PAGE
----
Thursday, December 2, 2021

New Mexico Bishops: “Legalizing suicide is not the solution”

Must Read

A History of the Spanish Colonists of San Mateo Parish

From several accounts, the village of San Mateo, New Mexico was founded in 1862. In the push of the...

Legacy of Love: Mother Teresa’s Sisters Uplift the Unwanted People of Gallup

“Mother Teresa always said 'we are here for poorest of the poor', who have no one. They are fallen, so somebody has to lift them up."

Little Sisters of the Poor: Caretakers of the Elderly

The Diocese of Gallup is fortunate to have one of the homes of the Little Sisters, “Villa Guadalupe”, within the city of Gallup
Bishop James S. Wall
Bishop James Wall is the fourth Bishop of the Diocese of Gallup.

ALBUQUERQUE – Thursday, January 17, 2019– IMMEDIATE RELEASE –

“As the Catholic Bishops of New Mexico, we express our opposition to the New Mexico House Bill 90, which proposes to legalize assisted suicide.

“Most of us have experienced a dear friend or a close family member who has suffered a disease or illness which has led to a painful death. There are few experiences harder than watching a family member or friend ravaged by pain or illness as they approach an inevitable death. Questions of pain and suffering, soaring medical expenses, our desire to maintain control and dignity, as well as the desire not to be a burden on our family, are difficult and challenging concerns. Legalizing suicide is not the solution. In the face of these challenges, we should support and accompany our loved ones with genuine compassion, not with the false compassion of assisted suicide.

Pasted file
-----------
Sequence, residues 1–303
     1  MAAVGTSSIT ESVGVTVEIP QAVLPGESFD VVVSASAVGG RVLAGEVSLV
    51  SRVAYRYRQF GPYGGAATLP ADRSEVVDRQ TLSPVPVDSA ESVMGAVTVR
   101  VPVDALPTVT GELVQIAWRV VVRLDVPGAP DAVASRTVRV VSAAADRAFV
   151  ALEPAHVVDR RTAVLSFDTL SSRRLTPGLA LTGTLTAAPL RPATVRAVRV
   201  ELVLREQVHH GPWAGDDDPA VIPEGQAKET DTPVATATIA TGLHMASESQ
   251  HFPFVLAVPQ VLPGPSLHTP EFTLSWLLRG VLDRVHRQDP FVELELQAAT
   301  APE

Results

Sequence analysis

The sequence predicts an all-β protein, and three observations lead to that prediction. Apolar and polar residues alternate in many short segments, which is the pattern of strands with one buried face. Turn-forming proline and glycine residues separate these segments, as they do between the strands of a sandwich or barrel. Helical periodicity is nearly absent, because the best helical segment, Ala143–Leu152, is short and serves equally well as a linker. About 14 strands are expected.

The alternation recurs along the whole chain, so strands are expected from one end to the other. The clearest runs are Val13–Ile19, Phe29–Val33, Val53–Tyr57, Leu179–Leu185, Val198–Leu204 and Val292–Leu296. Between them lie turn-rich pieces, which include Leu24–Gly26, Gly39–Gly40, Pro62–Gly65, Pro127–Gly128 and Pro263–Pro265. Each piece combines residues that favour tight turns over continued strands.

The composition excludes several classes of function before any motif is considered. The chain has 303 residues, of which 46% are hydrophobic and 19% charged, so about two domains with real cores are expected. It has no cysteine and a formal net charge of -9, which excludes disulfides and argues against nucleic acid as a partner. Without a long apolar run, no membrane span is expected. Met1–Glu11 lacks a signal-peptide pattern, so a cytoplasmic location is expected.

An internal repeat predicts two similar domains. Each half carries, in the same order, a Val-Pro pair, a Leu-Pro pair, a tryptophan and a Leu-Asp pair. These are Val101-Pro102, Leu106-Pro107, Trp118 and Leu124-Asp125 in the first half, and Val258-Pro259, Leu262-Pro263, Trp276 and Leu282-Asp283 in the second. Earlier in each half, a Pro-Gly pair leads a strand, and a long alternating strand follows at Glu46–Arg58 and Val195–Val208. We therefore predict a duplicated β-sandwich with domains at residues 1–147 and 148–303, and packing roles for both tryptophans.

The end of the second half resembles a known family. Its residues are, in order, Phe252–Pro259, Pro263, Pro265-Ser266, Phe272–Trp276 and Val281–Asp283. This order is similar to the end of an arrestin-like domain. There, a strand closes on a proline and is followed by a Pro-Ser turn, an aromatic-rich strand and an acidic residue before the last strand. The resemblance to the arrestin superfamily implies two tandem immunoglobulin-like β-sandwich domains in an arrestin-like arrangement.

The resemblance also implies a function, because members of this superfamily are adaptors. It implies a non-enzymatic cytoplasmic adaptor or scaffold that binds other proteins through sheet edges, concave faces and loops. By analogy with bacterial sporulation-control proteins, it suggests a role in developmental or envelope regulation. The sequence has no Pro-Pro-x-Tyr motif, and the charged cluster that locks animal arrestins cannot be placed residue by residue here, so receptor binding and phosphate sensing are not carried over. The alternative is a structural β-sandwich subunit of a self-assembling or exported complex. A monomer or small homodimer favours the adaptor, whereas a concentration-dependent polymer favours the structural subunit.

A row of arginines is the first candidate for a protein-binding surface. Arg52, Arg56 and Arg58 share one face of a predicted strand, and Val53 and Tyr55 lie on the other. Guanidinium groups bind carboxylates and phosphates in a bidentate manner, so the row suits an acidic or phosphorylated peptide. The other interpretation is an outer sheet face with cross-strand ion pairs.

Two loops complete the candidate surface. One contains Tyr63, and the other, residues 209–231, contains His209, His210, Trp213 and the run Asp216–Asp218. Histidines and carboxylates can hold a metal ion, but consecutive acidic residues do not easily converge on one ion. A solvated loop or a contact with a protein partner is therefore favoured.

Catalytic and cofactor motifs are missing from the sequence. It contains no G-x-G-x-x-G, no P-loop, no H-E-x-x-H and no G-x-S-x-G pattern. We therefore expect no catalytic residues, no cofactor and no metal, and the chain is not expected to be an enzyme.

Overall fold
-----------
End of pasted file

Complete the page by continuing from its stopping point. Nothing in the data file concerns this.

“There is an excellent, effective and ethical alternative to assisted suicide; namely, palliative or comfort care. Today we have incredible medical remedies and technology to address pain and suffering. The purpose of palliative care is to provide as much comfort as possible to enable the patient to face their inevitable transition from life to death. Palliative care is good medicine and it is good public policy. There is an old adage in medicine, ‘cure sometimes, relieve occasionally, but care always’.

“It has been proposed that assisted suicide is intended to painlessly and easily end the suffering leading up to death; a proposition which itself denies the ethical options for end-of-life treatment. The consequences of such a proposition have ultimately expanded to include euthanasia for a myriad of other cited issues, up to and including: depression, mental illness, non-lethal illnesses, and the financial burden of medical treatment. Do we ultimately consider suicide a good act, as it permanently ends that person’s suffering? What does this say for how we view our mentally ill brothers and sisters? For those with physical disabilities? Are their lives “less desirable”? If not, why should we consider suicide an option?

“Among the dangerous concessions in HB90 are:

  • Allowances for euthanasia via remote, impersonal diagnosis;
  • A  two-day waiting period;